This season of Advent is by definition a season of waiting. We pray “O come, o come Emmanuel and ransom captive Israel.” Each year we sing these words of expectation, while waiting for Emmanuel to be fully revealed to us, not as a baby wrapped in swaddling clothes, but as the returning king. We sing: “Desire of nations bind all peoples in one heart and mind” and “bid envy, strife, and quarrels cease.” Today, on Peace Sunday, we offer this prayer, longing for the time when the world will be filled with “heaven’s peace.”

Saturday, December 09, 2017

What is "Essential Kenosis"?


How should we understand how God interacts with creation? Is God all powerful, and therefore able to do anything God desires? Are there limitations, even if self-generated limitations? In other words, does Gods' character define how God engages creation? In the view of Thomas Jay Oord, any conversation about the actions of God must be understood in the context of God's "uncontrolling love." Tom explores this concept in his book The Uncontrolling Love of God: An Open and Relational Account of Providence (IVP Academic, 2015). He then invited a number of people including scholars and pastors and lay persons to respond. Those responses appear in the book Uncontrolling Love: Essays Exploring the Love of God with Introductions by Thomas Jay Oord, (SacraSage Press, 2017). [Note: the cost of the paperback has been lowered from 24.95 to 11:95 on Amazon until Christmas Eve]. I contributed one of the essays to that book.  Now, as part of an effort to broaden the conversation about the "uncontrolling love of God," Tom, who is a theologian teaching at Northwest Nazarene University, has produced a brief video describing what he calls "essential kenosis." I'd like to invite you to view it, reflect on it, and hopefully respond here with your thoughts. Is this an understanding of God's nature and God's relationship to creation that makes sense? How does this understanding of God who is love invite us to participate in the work of God and empower us for that work?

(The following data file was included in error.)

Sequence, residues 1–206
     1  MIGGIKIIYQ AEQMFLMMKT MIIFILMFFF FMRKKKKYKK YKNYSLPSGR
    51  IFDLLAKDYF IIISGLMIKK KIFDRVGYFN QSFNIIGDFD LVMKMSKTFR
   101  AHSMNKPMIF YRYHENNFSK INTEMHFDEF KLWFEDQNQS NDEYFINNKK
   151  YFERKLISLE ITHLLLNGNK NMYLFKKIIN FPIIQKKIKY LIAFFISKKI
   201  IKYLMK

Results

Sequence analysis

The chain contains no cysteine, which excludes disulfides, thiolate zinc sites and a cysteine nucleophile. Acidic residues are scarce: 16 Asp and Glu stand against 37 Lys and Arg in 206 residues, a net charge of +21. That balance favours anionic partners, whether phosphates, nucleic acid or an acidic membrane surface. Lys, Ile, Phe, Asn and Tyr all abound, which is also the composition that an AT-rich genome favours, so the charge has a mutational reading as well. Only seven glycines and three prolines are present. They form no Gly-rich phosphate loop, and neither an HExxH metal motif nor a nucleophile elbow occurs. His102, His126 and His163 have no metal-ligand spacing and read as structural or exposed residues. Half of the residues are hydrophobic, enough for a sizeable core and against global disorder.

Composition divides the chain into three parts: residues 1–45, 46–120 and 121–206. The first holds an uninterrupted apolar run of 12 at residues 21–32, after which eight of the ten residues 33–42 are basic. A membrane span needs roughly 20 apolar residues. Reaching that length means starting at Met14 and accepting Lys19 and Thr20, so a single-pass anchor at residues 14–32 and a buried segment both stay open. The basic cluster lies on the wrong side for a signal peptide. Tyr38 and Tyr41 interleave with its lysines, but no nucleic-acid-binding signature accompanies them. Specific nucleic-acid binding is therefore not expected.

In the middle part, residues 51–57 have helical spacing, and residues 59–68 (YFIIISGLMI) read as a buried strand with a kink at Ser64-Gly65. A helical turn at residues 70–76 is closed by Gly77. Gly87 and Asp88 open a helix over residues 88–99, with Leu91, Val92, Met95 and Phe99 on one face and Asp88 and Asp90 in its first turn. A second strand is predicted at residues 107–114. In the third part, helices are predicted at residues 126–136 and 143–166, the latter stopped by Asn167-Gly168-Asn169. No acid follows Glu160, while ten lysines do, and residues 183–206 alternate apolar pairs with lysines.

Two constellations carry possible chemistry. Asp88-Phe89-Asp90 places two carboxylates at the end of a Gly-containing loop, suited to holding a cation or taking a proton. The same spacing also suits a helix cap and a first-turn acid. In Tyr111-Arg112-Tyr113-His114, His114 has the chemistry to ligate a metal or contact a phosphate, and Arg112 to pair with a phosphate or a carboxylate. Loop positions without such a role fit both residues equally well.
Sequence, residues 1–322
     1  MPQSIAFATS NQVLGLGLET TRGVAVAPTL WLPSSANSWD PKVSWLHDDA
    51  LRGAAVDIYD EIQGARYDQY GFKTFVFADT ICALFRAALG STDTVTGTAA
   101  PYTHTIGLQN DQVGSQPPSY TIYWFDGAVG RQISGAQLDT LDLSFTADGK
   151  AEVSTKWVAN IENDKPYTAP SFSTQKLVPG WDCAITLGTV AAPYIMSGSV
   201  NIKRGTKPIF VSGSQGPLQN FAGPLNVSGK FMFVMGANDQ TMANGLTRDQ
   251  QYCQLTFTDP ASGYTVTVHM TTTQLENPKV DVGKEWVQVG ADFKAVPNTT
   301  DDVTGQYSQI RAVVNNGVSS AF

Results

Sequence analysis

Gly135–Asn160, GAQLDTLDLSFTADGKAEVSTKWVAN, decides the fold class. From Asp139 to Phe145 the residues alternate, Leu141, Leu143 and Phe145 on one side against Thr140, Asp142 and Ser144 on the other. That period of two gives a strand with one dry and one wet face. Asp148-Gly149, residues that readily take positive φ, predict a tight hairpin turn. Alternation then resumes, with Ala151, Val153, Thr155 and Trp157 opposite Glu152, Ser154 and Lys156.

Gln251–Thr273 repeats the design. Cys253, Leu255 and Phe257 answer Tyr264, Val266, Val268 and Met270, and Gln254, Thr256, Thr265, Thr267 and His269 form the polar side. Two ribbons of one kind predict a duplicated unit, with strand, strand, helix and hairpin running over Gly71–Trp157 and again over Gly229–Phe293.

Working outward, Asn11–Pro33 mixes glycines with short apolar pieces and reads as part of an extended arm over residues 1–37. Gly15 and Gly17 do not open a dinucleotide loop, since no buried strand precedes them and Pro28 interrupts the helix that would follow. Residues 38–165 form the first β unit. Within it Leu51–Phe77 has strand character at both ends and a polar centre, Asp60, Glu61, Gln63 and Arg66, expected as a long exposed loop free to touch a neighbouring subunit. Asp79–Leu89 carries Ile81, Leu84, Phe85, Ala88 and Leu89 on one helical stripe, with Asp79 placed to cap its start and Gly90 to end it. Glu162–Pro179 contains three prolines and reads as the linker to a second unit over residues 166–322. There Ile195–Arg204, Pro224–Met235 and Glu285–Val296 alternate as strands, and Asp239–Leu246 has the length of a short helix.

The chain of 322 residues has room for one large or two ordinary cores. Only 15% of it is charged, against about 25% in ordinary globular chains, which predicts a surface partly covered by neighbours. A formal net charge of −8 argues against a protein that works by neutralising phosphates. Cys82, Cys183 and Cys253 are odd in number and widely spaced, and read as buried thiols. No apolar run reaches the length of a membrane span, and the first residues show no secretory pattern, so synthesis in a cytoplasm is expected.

Thursday, December 07, 2017

Disciples Ecclesiology -- Part Two: Marks of the Church


            The New Testament uses several images to describe the church. One of the most compelling is Paul’s description of the church as the “body of Christ.” Other important descriptors include vine and branches, bride, and family. Regarding the body of Christ, Paul reminds us that there is but one body, with many members, each with its own purpose/gift (1 Cor. 12). As Alexander Campbell, remarked in the Millennial Harbinger, “all Christian communities to stand to each other as individual members in the human body stand to each other in giving or receiving pleasure or pain, . . . honor or dishonor” [Royal Humbert, Compend of Alexander Campbell’s Theology, (Bethany Press, 1961), p. 160].

While biblical images have important power in illuminating our understanding of the church, historically the church/churches have affirmed four marks of a true church. Four markers that are named in the historic creeds that one should look for in determining whether a church stands in line with the historic traditions. While the Disciples are historically a non-creedal tradition, it is worth spending some time considering these four marks, which according to the Nicene Creed, perhaps the most authoritative of the historic ecumenical creeds, affirm the existence of “one, holy, catholic, and apostolic church.” Exploring each of these statements in brief can help us consider who we are as church.